The Stack Overflow podcast is back! Listen to an interview with our new CEO.
Search type Search syntax
Tags [tag]
Exact "words here"
Author user:1234
user:me (yours)
Score score:3 (3+)
score:0 (none)
Answers answers:3 (3+)
answers:0 (none)
isaccepted:yes
hasaccepted:no
inquestion:1234
Views views:250
Sections title:apples
body:"apples oranges"
URL url:"*.example.com"
Favorites infavorites:mine
infavorites:1234
Status closed:yes
duplicate:no
migrated:no
wiki:no
Types is:question
is:answer
Exclude -[tag]
-apples
For more details on advanced search visit our help page
Results tagged with Search options user 10788

The rename tag refers to the action of giving a different name to either an existing file or to a copy of a file as part of some other operations (.e.g. remote copy, backup). Use this tag as well for questions related to the (perl) rename command.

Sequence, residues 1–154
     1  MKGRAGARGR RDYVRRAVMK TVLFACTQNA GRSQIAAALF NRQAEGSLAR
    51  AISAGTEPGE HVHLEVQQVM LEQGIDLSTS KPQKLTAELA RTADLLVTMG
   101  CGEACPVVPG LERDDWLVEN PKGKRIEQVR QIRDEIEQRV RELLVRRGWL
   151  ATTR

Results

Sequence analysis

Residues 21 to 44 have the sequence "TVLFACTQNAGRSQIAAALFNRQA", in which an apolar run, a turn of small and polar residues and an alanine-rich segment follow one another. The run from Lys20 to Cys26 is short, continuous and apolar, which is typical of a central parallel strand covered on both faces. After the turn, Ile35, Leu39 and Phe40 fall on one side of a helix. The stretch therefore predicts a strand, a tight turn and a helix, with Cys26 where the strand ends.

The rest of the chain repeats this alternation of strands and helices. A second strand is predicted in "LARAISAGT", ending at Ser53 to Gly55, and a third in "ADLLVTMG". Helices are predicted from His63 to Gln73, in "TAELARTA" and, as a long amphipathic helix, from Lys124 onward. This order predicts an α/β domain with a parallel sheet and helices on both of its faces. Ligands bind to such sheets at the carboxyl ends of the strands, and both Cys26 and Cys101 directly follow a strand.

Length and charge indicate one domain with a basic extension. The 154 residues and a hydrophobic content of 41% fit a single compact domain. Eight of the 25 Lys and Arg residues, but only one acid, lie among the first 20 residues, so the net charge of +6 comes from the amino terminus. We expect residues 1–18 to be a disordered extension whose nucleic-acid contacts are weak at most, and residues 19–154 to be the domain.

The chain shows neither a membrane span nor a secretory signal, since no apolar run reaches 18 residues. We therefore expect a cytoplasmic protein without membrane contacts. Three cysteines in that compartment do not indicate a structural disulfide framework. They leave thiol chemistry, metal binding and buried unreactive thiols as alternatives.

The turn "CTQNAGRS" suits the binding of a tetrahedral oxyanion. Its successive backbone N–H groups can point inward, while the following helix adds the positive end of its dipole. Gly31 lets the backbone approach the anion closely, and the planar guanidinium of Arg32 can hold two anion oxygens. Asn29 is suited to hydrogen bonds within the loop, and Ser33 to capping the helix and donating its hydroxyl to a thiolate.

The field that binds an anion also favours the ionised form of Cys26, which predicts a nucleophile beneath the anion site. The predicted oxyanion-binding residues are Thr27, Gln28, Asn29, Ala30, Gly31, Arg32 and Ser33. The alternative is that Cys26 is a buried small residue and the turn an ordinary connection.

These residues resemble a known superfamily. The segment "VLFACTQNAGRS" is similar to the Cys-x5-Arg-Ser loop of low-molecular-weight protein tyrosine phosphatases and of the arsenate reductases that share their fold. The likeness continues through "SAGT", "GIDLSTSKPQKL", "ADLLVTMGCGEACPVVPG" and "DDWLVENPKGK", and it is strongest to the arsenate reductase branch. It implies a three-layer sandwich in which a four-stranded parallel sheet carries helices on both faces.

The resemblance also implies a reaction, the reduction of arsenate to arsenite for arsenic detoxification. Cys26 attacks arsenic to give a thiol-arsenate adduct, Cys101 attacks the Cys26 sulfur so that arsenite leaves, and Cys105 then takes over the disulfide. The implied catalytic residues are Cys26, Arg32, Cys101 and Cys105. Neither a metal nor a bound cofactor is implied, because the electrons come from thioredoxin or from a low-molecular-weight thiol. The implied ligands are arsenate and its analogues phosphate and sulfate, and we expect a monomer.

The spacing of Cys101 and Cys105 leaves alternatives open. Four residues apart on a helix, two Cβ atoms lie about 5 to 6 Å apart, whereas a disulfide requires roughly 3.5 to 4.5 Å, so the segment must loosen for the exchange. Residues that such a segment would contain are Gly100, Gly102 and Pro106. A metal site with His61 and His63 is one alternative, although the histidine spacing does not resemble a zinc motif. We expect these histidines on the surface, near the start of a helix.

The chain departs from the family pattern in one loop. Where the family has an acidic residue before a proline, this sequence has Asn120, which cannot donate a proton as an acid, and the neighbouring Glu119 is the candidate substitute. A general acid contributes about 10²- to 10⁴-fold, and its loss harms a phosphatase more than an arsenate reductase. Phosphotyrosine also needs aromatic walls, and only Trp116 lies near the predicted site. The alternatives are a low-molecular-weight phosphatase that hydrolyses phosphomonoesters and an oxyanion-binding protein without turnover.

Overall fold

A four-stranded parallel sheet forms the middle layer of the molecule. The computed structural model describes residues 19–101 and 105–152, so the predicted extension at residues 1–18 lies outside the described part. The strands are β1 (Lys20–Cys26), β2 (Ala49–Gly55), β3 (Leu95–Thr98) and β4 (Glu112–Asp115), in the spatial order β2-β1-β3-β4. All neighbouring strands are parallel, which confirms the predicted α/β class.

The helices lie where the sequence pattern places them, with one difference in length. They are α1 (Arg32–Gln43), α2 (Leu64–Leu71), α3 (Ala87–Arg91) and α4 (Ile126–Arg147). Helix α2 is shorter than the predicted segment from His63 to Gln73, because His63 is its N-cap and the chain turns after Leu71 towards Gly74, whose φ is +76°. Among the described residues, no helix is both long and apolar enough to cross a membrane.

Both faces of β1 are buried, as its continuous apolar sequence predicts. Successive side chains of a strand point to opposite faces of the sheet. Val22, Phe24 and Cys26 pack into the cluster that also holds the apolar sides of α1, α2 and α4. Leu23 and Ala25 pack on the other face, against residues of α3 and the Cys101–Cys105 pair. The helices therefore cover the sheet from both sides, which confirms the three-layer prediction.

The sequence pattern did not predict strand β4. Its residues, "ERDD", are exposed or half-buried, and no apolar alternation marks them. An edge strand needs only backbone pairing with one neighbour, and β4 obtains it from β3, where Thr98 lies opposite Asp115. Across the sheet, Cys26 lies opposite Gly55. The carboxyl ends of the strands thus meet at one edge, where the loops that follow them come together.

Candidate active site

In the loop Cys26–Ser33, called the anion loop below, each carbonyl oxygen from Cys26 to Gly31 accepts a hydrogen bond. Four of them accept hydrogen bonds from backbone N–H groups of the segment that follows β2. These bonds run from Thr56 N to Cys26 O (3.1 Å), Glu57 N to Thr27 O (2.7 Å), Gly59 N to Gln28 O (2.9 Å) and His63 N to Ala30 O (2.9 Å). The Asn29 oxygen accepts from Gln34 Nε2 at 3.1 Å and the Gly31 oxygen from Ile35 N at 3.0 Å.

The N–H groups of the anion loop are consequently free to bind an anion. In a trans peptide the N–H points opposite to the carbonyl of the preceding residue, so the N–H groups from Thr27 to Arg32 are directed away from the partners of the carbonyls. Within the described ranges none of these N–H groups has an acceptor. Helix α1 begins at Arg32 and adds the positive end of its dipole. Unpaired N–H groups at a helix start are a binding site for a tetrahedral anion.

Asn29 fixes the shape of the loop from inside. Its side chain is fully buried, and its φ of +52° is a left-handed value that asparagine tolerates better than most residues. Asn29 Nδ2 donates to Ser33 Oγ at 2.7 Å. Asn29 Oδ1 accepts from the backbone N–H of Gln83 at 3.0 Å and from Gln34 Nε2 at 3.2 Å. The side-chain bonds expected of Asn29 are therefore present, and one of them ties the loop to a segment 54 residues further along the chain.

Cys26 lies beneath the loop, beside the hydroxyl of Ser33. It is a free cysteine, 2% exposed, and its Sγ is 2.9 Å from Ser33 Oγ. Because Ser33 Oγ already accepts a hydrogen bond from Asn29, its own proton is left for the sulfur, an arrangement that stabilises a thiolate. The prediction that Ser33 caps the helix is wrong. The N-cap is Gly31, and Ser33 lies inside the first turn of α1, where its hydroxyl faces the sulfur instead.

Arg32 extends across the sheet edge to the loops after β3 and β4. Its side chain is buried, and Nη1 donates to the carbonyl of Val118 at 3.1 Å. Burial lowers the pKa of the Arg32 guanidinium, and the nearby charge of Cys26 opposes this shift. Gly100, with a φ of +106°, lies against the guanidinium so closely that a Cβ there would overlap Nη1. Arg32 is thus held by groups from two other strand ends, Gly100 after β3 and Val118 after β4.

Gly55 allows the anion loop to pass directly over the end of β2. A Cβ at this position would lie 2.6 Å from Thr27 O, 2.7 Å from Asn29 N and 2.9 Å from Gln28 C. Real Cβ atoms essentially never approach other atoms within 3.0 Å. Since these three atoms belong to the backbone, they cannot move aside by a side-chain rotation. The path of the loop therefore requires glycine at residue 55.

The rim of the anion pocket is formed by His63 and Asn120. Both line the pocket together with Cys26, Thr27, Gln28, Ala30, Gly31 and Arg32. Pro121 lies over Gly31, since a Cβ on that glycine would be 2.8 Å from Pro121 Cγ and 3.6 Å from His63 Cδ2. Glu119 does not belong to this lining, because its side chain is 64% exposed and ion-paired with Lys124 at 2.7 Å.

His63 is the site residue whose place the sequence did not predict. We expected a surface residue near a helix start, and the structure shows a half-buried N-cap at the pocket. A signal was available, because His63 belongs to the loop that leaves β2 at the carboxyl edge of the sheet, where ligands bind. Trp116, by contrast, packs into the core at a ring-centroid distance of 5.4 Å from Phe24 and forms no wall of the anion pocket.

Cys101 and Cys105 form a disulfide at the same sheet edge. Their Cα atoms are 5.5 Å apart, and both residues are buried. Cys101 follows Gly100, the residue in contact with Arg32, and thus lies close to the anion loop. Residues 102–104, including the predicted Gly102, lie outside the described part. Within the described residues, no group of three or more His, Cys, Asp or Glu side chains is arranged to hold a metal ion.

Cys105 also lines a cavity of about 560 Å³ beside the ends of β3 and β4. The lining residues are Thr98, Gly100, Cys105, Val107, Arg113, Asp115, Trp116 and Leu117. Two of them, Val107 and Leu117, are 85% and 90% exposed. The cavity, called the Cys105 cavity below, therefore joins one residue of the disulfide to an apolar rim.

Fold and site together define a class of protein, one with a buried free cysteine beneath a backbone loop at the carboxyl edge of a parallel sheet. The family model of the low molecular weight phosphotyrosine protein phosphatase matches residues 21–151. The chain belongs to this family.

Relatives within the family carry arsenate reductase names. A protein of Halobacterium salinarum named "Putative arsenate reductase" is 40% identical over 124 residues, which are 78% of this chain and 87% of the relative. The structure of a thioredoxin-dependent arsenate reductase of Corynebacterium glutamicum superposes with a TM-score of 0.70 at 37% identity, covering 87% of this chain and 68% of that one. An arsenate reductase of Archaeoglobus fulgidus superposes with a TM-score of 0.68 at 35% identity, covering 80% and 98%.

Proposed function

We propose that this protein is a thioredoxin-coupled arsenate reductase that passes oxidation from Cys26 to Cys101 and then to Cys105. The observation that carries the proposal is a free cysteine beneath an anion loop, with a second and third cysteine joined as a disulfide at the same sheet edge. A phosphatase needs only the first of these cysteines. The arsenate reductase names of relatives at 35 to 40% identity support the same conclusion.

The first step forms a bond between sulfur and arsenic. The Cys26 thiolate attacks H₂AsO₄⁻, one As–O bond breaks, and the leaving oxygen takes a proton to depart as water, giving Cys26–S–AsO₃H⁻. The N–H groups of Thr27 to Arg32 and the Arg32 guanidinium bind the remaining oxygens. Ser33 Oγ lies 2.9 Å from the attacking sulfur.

5
votes
There is also mmv: mmv -n "*.mp4*" "#1.mp4" Remove the "-n" when output looks right.
answered Jan 11 '12 by daniel kullmann
1
vote
using the printf command. This just prints the commands to stdout, so you can check whether you like the output. Remove the leading "echo" from line 4 when you want to rename for real. …
answered May 13 '14 by daniel kullmann
1
vote
In case you want to know what went wrong in your version: You used $files instead of $x in the basename command. So this should work (untested, though): for x in *.txt do mv "$x" "`basename '$x' .t …
answered Feb 18 '15 by daniel kullmann
0
votes
Or use mmv: mmv "*17.log" "#1\13.log"
answered Jan 17 '12 by daniel kullmann
21
votes
Let me start by asking another question: What is the difference between cp and cp -R? Well, without the -R flag, it's only possible to copy files, because it's rather unusual that someone wants to …
answered Aug 22 '12 by daniel kullmann